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December 15, 2022
2 Min Read
Image courtesy of Kristoffer Tripplaar / Alamy Stock Photo
Medtronic has hit another milestone for its Hugo robotic-assisted surgery (RAS) system, today announcing it’s enrolled the first patient in the Expand URO US clinical trial. The RAS prostatectomy procedure was performed by Dr. Michael R. Abern at Duke University Hospital in Durham, NC.
"This is an exciting moment," Abern said. "Robotic-assisted surgery provides many benefits within my specialty of urology, and I'm proud to have performed the first U.S. clinical trial case with the Medtronic Hugo RAS system."
The prospective, multi-center, single-arm trial will evaluate the safety and performance of Hugo for urologic procedures, which are one of the most commonly performed procedures using RAS. Medtronic intends to use the Hugo in the study for urologic procedures including radical prostatectomy, radical cystectomy, and nephrectomy (partial or radical procedures. The US trial follows an FDA Investigational Device Exemption and will enroll up to 122 patients at six sites across the country.
"This is an exciting time for healthcare in the United States and around the world, as we have the opportunity to expand robotic-assisted surgery treatment options to more patients," said Dr. James Porter, a urologic surgeon at Swedish Medical Center in Seattle, WA and principal investigator of the US Expand URO study, who plans to perform his first cases under the trial this month. "Backed by a growing body of clinical evidence, robotic-assisted surgery is the preferred approach within urology given the anatomical access, precision, and ergonomic advantages it enables."
In June 2021, the first Hugo patient procedure was performed at Clínica Santa Maria in Santiago, Chile. The institution was the first to join Medtronic’s Partners in Possibility program, a group of hospitals that will be among the first in the world to use the Hugo RAS system in support of the patient registry. The June 19 procedure was a prostatectomy performed by Dr. Ruben Olivares.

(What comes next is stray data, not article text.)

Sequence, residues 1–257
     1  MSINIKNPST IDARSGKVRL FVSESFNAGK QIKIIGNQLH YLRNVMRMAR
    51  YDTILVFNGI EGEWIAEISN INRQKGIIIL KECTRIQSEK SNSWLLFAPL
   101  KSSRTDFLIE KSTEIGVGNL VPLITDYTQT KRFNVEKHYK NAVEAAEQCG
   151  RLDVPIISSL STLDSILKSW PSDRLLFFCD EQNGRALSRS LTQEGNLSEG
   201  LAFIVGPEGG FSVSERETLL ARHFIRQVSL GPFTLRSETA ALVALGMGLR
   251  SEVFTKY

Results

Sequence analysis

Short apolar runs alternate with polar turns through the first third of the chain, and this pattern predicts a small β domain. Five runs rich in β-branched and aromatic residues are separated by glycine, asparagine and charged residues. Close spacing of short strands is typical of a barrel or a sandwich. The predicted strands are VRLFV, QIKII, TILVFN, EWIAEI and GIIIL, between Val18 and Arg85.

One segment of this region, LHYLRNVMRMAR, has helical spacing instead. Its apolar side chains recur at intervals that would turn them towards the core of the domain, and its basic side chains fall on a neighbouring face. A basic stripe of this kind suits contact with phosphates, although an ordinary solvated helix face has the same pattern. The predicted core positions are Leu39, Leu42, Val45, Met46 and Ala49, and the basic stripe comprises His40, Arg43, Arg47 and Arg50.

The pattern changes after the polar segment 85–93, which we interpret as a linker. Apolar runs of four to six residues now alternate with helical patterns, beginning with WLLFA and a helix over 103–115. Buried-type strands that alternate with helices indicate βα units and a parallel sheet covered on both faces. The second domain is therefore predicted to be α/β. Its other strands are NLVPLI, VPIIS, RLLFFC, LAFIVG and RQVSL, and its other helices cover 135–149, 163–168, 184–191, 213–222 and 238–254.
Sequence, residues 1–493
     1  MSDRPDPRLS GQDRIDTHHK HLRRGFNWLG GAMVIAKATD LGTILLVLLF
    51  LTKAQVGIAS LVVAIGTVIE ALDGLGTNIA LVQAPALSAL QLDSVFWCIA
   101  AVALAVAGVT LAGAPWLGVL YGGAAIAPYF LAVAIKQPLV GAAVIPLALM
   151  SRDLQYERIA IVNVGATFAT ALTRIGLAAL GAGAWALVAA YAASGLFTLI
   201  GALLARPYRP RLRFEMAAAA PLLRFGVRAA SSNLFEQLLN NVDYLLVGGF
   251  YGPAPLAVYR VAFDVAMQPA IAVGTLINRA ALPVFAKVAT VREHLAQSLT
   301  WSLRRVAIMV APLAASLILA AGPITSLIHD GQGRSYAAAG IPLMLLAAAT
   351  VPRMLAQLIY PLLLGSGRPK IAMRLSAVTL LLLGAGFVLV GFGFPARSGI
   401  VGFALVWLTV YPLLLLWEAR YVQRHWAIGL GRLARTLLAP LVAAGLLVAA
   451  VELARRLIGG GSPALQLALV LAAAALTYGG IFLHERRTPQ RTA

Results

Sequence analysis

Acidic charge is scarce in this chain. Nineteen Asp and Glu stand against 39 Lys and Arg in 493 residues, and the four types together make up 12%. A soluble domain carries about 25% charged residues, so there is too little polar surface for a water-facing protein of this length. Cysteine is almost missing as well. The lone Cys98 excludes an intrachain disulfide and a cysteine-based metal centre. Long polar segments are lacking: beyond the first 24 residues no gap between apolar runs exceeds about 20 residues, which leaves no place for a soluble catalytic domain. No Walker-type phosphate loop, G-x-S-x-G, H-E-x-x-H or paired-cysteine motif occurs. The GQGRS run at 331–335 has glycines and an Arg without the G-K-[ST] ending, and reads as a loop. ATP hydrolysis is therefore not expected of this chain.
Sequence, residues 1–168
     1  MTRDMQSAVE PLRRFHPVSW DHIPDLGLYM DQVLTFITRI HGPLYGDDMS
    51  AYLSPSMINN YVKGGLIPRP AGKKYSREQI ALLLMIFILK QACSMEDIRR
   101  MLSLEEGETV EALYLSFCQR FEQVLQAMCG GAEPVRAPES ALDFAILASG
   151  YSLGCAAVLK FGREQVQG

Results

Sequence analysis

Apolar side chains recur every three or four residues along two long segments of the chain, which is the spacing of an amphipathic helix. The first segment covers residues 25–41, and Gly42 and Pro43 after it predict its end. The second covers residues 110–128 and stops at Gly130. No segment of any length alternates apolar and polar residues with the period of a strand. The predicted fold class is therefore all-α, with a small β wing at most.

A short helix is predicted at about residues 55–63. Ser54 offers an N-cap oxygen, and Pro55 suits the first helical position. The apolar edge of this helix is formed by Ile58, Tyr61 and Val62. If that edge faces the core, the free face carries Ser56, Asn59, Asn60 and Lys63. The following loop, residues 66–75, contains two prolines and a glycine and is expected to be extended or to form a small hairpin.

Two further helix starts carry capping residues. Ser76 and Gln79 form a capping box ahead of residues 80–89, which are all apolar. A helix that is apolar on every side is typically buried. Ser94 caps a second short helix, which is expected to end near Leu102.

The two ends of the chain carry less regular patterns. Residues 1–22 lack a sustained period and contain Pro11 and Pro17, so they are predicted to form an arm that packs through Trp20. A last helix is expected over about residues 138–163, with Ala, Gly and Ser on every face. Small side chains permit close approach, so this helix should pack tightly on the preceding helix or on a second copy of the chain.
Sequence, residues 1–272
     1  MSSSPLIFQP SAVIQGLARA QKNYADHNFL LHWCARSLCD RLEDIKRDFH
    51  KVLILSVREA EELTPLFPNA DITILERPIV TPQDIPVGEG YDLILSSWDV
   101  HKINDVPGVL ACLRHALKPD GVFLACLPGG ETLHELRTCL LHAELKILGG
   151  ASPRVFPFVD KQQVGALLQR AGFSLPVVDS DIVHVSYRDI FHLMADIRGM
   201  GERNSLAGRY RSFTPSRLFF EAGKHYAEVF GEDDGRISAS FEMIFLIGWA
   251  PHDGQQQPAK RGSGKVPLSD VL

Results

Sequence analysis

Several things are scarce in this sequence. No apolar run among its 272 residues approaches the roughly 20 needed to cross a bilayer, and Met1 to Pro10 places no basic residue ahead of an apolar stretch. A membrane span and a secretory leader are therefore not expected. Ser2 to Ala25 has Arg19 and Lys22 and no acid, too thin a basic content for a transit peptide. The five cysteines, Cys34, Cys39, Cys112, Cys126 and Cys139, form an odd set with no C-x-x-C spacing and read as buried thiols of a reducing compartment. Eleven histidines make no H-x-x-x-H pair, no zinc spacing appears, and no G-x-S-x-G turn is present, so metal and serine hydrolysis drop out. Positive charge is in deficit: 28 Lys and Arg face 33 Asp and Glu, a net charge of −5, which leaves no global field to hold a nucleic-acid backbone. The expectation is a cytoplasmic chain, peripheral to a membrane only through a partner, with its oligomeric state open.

The next win in a line of key milestones for the system came in October 2021 when the Dublin-based company won CE-mark for urologic and gynecologic procedures. A few months after in December, Medtronic’s Canadian subsidiary received a Health Canada License for Hugo. One of the next steps for the company will be FDA clearance.
“Medtronic currently has an investigational device exemption approval to proceed with our U.S. urology clinical trial, called Expand URO,” Rosengarten told MD+DI for a previous article announcing the CE-mark. “So, timing for US availability will depend on completion of that study and subsequent review by FDA.”
About the Author(s)
Managing Editor, MD+DI
Katie Hobbins is managing editor for MD+DI and joined the team in July 2022. She boasts multiple previous editorial roles in print and multimedia medical journalism, including dermatology, medical aesthetics, and pediatric medicine. She graduated from Cleveland State University in 2018 with a bachelor's degree in journalism and promotional communications. She enjoys yoga, hand embroidery, and anything DIY. You can reach her at [email protected].
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